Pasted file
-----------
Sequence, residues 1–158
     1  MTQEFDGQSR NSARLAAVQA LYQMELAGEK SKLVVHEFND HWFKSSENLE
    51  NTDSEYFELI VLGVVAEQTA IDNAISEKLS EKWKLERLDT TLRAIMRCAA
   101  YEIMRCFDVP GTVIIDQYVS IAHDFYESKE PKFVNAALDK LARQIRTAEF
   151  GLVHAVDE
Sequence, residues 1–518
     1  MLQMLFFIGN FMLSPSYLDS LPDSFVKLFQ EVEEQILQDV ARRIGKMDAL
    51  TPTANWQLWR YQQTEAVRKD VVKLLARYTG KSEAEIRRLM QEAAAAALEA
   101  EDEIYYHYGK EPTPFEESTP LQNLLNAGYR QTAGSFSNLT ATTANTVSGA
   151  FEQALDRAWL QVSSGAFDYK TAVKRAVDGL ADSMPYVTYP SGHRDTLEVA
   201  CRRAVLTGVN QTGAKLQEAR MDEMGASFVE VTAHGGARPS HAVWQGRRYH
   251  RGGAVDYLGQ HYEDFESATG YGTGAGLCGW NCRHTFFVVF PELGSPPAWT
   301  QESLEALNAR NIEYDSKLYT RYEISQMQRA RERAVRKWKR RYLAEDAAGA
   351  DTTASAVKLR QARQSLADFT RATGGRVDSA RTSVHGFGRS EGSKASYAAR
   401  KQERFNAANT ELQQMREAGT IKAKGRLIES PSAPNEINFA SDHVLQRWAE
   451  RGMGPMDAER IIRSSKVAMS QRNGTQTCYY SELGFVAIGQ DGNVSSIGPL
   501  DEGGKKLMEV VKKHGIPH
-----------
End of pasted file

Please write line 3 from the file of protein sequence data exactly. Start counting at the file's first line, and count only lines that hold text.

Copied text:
    51  NTDSEYFELI VLGVVAEQTA IDNAISEKLS EKWKLERLDT TLRAIMRCAA